Carly Fiorina is a cancer survivor, and 9 other things to know about the presidential hopeful
By ISABELLE CHAPMAN
Former Chief Executive Officer of Hewlett-Packard Carly Fiorina announced Monday that she will join the race for 2016 as the sole woman in a very crowded Republican field.
Fiorina, who has never held a public office, enters the race behind her opponents. Jeb Bush, who has yet to announce, leads the pack with 15.5 percent of Republicans or right-leaning Independents saying they would back the former governor of Florida. Fiorina brings up the rear with 1 percent saying they would back the former tech big wig.
Fiorina will tout her time in Silicon Valley as an asset. She started her career as a management trainee at AT&T and rose through the ranks in Silicon Valley to become the first female CEO of a Fortune 50 company in 1999. Fiorina navigated HP through the burst of the dot-com bubble, and also bought rival company Compaq during her tenure. But Fiorina will no doubt take a lot of heat for her business choices. During her time as the pinnacle of the tech giant, HP's stock lost half its value, and the company laid off 30,000 workers. She was fired in 2005, and given what many media outlets at the time called a "golden parachute": a $21 million severance package.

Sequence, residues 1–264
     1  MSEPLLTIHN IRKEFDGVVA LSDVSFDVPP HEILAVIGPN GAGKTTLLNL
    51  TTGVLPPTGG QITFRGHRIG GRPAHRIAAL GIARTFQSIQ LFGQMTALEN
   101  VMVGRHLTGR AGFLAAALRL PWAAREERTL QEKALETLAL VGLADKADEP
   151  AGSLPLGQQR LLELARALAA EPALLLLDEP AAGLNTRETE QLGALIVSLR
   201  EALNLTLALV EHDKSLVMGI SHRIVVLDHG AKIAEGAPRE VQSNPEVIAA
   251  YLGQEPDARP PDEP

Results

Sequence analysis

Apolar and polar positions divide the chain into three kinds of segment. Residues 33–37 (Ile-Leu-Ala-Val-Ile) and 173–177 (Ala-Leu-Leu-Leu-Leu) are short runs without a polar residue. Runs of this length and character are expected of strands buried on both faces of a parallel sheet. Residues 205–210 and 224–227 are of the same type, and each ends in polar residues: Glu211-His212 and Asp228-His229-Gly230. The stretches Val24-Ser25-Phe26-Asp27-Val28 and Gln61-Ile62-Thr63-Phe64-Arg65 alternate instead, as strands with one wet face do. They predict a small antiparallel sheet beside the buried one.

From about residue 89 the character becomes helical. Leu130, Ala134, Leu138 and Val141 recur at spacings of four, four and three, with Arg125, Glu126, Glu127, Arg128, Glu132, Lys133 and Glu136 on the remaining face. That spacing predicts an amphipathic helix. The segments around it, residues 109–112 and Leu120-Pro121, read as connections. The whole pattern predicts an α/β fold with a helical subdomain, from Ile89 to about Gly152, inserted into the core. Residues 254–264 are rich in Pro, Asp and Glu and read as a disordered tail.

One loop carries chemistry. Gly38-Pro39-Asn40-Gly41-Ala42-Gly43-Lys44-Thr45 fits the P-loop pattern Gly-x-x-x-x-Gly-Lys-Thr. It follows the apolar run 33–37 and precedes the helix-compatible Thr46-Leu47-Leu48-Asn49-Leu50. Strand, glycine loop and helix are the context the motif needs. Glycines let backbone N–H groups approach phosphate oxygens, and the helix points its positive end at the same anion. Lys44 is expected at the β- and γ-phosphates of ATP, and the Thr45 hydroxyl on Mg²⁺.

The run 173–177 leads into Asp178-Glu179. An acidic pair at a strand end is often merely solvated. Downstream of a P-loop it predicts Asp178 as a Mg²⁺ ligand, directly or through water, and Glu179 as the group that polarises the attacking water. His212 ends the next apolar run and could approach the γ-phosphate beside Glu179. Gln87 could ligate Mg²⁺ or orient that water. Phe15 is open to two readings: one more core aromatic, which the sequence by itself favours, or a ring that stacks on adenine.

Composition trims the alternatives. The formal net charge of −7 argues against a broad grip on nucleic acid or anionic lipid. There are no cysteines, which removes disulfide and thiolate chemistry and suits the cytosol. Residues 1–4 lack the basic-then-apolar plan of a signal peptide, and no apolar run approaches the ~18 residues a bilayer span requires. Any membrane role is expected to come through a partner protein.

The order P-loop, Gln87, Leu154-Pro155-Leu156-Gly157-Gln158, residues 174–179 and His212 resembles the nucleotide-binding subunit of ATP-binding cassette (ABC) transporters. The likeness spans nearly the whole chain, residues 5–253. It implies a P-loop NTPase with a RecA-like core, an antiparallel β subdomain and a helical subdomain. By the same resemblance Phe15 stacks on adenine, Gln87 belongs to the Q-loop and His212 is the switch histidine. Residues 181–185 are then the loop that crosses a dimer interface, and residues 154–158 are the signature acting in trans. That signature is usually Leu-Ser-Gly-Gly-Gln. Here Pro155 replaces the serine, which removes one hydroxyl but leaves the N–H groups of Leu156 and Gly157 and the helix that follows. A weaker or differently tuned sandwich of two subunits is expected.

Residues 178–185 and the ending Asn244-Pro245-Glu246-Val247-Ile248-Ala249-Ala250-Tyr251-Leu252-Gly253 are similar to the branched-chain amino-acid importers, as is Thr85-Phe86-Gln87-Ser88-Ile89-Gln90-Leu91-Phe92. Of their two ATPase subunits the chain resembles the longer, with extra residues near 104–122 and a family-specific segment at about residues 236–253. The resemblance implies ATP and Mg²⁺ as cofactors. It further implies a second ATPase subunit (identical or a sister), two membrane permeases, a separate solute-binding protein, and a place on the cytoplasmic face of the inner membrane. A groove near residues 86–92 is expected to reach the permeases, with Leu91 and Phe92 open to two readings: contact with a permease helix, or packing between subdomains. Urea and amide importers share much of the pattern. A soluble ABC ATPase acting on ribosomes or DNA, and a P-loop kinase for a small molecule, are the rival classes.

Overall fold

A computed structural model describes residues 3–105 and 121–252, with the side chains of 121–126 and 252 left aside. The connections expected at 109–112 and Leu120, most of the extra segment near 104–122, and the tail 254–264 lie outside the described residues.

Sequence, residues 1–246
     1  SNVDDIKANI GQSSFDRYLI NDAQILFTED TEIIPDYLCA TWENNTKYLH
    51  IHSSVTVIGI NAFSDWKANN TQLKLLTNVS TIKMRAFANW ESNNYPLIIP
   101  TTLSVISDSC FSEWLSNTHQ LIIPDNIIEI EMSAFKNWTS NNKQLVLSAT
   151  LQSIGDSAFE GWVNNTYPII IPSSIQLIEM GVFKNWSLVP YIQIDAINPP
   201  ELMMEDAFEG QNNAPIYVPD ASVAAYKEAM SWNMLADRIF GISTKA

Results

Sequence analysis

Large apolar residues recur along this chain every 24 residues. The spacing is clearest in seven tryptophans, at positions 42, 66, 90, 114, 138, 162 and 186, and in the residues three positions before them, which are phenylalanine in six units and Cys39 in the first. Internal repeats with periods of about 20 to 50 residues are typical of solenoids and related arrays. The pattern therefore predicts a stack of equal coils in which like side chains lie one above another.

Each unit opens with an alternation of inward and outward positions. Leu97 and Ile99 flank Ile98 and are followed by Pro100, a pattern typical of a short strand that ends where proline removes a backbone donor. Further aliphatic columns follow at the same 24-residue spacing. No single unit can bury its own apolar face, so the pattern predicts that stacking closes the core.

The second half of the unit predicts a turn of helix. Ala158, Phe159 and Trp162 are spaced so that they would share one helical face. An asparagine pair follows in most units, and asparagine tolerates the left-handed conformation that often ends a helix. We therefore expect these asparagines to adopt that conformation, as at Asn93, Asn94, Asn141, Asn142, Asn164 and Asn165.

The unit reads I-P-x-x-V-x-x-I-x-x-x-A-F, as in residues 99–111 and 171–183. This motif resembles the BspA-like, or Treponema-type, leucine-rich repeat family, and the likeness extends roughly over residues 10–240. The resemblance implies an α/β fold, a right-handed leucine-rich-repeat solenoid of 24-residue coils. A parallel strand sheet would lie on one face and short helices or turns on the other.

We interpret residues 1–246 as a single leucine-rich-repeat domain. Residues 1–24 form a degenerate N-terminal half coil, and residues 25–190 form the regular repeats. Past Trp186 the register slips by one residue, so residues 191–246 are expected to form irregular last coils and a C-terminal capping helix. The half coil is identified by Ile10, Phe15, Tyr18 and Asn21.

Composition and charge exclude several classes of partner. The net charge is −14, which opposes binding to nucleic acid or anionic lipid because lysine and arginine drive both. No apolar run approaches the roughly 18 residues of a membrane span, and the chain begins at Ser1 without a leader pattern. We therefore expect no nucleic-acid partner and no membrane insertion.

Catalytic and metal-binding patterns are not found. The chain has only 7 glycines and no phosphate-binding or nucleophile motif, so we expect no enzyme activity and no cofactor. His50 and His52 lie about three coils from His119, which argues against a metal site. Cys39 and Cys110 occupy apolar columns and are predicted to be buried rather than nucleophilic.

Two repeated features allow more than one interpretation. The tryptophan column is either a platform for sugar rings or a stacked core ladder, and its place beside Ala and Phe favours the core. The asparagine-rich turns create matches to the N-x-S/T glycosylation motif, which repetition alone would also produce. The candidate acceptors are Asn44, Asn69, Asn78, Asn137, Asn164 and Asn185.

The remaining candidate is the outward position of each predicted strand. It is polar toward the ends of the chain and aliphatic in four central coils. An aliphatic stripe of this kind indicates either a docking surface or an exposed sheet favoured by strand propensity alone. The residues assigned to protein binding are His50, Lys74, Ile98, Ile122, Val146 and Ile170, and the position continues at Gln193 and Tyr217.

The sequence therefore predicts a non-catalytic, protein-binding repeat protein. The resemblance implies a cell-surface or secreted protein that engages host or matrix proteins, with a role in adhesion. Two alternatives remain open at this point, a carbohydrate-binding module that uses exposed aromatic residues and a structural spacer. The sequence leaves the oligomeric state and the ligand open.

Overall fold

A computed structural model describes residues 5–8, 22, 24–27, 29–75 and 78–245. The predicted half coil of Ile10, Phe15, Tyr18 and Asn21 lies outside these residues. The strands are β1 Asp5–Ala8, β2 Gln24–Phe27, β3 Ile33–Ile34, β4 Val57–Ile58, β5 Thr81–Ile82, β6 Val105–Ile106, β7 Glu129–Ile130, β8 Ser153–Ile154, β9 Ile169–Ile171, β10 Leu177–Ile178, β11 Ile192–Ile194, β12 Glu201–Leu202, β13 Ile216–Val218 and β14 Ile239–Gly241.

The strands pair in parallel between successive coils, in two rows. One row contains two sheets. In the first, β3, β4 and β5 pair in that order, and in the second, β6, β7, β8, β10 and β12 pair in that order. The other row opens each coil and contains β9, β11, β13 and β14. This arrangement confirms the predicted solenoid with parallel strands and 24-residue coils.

Since her dismissal, Fiorina battled breast cancer, and simultaneously attempted to launch a political career. Fiorina was the Republican nominee for Senate from California in 2010, after she served as an advisor to Senator John McCain when he ran for president in 2008.
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